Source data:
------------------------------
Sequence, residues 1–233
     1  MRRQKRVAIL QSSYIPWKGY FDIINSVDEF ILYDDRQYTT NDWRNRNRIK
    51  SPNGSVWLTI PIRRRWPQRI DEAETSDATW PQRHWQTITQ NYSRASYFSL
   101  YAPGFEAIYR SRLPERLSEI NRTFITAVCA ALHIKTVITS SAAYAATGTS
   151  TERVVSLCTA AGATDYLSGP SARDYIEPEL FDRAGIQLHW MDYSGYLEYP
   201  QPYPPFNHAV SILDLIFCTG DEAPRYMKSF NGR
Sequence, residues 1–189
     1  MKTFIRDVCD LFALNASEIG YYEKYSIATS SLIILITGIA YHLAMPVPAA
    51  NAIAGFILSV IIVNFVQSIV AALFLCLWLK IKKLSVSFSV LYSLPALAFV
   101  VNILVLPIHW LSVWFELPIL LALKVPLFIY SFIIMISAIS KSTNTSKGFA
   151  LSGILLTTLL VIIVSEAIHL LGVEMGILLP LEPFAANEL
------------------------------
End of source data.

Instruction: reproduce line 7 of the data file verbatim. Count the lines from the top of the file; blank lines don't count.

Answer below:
Sequence, residues 1–189